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The Mythic Base and Poe’s “The Tell-Tale Heart”

It can be argued that much of what makes Poe's The Tell-Tale Heart tick is rooted in the common conception of death as a finality. However, death in this story is a product of the protagonist's madness; therefore, it is impossible to provide a proper analysis without first establishing the degree of his mental instability. Not only does his madness bring about death, but it also allows for rebirth, entirely subverting the base mythic understanding of death as an undefeatable inevitability.

Figure 1: The Tell-Tale Heart. Clarke, H. 1919.

The story is narrated from the perspective of an unnamed man seeking to murder another unnamed character because the latter has an “Evil Eye.” The stalking, the murder, and the concealment of the body are all presented by this unreliable narrator who constantly claims that he is, in fact, not insane:

If still you think me mad, you will think so no longer when I describe the wise precautions I took for the concealment of the body. The night waned, and I worked hastily, but in silence. First of all I dismembered the corpse. I cut off the head and the arms and the legs (Poe, 1966, 981).

As if murder and the sundering of a body are not in themselves acts of madness (clinical or otherwise), the precision with which he performs those acts serves as a defense mechanism for his sanity because he claims that a mad person would not have thought of such "wise precautions." Arthur Robinson (1965), a former professor of English at the University of Rhode Island, noted that “no objective setting is provided; so completely subjective is the narration that few or no points of alignment with the external world remain” (377). It is unclear who the protagonist or the murdered man are; thus there is no rational explanation as to why the murder takes place – in fact, the only motivation is the supernatural or metaphorical eye that so deeply bothers the narrator.

Figure 2. Dance of death: death and the hermit. Chovin, J. A. (n.d.).

Brett Zimmerman (1992), professor emeritus at the University of York, writes on how accurately Poe depicted the symptoms and the state of mind of a paranoid schizophrenic and points out that the vast majority of schizophrenics "suffer from auditory hallucinations” (40). The narrator makes the point that his supposed madness or ill state only caused him to have heightened senses, so much so that he could hear the man’s heart beat from a distance:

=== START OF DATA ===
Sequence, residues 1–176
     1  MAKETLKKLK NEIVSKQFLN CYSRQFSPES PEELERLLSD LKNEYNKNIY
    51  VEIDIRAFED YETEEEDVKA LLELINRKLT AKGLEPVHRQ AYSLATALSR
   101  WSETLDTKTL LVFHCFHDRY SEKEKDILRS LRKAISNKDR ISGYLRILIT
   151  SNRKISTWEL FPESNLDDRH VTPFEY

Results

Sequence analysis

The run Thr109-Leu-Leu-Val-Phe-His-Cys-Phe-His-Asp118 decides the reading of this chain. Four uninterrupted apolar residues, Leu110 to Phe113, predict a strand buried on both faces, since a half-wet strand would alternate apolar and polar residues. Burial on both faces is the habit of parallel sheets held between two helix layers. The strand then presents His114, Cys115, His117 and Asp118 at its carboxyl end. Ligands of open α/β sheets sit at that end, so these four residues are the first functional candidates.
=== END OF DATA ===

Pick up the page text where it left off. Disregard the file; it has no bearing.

[T]here came to my ears a low, dull, quick sound, such as a watch makes when enveloped in cotton. I knew that sound well, too. It was the beating of the old man's heart. It increased my fury, as the beating of a drum stimulates the soldier into courage (Poe, 1966, 980).

An enchanting quality is ascribed to the heart which seems to hypnotize and force the narrator into the act of murder, but even after the act, “the murder, instead of freeing the narrator, is shown to heighten his agony and intensify his delusions” (Gargano, 1963, 179). By telling the story from the perspective of a deluded man, Poe manages to build an atmosphere of uncertainty and dark gravity. As Benjamin F. Fisher (2002), a Duke University PhD alum who specializes in American and Victorian studies, points out, “[Poe] realized at the outset of his career that Gothicism was eminently compatible with psychological plausibility in literature” (78). What is more, the borders between that which stems from a deranged psyche and that which is overtly fantastical (or Gothic) are erased. Thus, it becomes difficult to truly decipher the final sentence of the story: “It is the beating of his hideous heart!” (Poe, 1966, 982). An occurrence rationally explained only by the narrator’s madness leaves open the possibility that something supernatural took place: it introduces the potential for rebirth.

Figure 3. Satan, Sin and Death. Barry, J. Ca. 1792-1808.

The connection to the Gothic nature of the text is perhaps best expressed through the thematization of death. Obviously, a story is not considered Gothic simply for having death as a central theme. Rather, “an atmosphere conducive to anxieties in the protagonist” (Fisher, 2002, 75) grew to become the central idea behind many Gothic stories, and death figures as the ultimate trigger of anxiety and anxious thought.